More than 1 GW of subsidized small solar arrays were installed in China last month alone and manufacturer Suntech has announced the start of operations at its 500 MW Indonesian cell and module fab.
California-based investment banking group Roth Capital Partners has reported four flash explosions on Sunday and a fifth yesterday “working their way through the GCL facility across multiple systems in a chain-reaction-like sequence.”
Private PV manufacturers and project developers alike are set to be squeezed out by the state in the world’s biggest solar market, according to Frank Haugwitz, who has compiled a wide-ranging report as preparations for the next five-year plan gather pace.
China’s cumulative installed PV capacity topped 208 GW at the end of March, thanks to 3.95 GW of new projects completed in the first quarter. JinkoSolar and Longi both joined the 500 W-plus module race, with their new panels offering 580 W and 530 W of output, respectively. Ginlong, meanwhile, has revealed plans to raise funds to increase its annual inverter production capacity to 20 GW, and Xi’An Solar has claimed a 23.2% efficiency rate for its N-type TOPCon modules in mass production.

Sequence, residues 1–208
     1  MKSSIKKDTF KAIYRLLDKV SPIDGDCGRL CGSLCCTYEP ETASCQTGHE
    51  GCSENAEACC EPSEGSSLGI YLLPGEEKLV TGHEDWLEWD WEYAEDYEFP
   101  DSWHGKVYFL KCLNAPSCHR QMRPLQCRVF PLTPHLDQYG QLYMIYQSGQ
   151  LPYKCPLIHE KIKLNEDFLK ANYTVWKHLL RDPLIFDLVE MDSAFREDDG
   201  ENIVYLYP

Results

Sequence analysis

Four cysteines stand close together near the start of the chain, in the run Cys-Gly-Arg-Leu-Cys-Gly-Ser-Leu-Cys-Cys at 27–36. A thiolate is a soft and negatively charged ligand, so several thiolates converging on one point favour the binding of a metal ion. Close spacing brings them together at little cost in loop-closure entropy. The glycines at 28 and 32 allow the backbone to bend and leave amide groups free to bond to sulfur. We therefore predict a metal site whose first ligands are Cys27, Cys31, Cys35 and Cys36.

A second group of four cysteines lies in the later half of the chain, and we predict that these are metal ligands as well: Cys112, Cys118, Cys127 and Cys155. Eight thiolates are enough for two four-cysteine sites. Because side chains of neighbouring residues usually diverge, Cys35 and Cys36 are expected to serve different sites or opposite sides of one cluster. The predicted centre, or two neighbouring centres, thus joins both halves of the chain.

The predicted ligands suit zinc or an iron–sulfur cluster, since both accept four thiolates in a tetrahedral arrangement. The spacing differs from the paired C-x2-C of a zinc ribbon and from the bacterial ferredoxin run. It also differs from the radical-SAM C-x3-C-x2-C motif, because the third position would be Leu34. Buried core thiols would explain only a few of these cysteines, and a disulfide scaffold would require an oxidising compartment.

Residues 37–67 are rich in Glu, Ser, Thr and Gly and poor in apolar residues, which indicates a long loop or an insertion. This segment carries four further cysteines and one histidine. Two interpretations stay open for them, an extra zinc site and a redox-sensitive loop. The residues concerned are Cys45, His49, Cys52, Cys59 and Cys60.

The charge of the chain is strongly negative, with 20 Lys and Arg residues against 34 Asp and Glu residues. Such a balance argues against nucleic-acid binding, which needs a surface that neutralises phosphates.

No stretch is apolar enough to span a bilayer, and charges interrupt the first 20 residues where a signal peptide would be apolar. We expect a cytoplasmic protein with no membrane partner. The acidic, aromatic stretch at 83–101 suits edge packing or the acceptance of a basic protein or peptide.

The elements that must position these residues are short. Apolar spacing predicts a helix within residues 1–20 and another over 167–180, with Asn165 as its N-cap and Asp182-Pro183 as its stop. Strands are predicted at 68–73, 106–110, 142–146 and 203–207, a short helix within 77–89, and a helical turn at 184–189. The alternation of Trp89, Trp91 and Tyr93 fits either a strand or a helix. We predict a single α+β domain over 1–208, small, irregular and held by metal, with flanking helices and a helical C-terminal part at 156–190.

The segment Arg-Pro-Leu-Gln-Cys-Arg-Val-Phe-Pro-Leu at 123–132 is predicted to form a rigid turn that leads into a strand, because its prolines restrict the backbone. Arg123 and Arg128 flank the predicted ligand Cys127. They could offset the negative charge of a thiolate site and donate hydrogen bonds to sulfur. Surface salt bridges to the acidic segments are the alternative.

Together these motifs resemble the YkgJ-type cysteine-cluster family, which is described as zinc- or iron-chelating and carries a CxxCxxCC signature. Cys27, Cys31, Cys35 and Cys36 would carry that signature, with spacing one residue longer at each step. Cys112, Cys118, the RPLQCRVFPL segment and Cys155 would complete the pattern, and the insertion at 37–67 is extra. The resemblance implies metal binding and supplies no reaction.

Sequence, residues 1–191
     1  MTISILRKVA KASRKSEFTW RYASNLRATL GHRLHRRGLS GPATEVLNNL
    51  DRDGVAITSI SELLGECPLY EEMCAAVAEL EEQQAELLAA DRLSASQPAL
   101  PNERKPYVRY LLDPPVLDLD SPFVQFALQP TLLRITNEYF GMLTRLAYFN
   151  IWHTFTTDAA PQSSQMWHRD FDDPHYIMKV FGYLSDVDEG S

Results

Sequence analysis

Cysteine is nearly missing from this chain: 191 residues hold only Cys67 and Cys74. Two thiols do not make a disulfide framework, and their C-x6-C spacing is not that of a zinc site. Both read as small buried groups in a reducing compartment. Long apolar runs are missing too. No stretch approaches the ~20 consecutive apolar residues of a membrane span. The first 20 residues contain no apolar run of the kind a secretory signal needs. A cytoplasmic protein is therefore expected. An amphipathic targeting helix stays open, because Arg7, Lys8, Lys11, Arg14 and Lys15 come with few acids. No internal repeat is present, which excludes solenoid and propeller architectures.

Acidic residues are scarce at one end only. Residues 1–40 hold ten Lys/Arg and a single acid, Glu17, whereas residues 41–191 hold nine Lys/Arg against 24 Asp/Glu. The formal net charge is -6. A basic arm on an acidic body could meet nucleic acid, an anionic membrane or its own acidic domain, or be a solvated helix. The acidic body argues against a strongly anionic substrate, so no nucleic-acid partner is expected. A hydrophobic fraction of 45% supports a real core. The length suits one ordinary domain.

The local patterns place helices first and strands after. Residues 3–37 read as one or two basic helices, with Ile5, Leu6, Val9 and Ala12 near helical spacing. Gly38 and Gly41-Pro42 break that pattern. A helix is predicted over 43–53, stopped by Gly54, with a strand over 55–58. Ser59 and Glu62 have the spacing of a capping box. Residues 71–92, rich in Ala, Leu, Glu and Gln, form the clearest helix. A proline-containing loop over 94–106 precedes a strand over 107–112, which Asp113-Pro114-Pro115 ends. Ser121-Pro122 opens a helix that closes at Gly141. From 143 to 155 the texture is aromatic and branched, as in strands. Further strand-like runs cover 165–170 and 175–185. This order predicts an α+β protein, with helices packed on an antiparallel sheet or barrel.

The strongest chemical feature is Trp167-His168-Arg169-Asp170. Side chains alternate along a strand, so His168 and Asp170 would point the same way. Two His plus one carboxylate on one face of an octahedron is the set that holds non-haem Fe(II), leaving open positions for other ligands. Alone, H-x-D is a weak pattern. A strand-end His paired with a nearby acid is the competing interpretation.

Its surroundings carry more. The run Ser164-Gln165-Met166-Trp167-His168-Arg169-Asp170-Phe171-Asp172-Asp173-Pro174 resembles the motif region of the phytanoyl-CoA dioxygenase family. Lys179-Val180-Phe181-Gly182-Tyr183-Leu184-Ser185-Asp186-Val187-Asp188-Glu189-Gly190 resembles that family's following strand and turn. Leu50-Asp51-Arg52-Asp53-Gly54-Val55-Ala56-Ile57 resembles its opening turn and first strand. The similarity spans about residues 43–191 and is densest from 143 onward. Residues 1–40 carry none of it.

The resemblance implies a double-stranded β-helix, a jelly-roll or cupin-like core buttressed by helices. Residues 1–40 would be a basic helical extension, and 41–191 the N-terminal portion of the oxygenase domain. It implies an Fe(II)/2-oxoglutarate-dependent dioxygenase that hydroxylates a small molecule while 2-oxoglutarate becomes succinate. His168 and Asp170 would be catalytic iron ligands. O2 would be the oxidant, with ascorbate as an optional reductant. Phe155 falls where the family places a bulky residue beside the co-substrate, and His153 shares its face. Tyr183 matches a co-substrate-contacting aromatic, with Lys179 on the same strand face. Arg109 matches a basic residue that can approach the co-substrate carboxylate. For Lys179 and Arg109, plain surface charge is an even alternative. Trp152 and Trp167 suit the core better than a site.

Longi and Sungrow both announced solid financial results last week. Module maker China Solar delayed the resumption of trading on the Hong Kong stock exchange, and polysilicon producer GCL-Poly unveiled plans to raise up to $16.8 million by issuing shares. Coal miner Baofeng Energy, meanwhile, announced the construction of what it claims will be the world’s largest PV-powered hydrogen plant, and Seraphim and Lu’An Solar revealed that they will open a 5 GW PV panel factory in China’s Jiangsu province.
The U.S. thin-film solar company says its production lines in Ohio, Malaysia and Vietnam have thus far been able to carry on operations. The company says measures have been taken to protect its workers at all of its premises.
Two vanadium redox startups join to take on the $0 billion flow-battery market.
Four days after the drone attack ordered by the U.S. which killed Iranian power broker Qassem Suleimani, energy forecasting service AleaSoft said the price of Brent was rising again today. The potential shake out of rising oil costs for the solar industry is difficult to predict.
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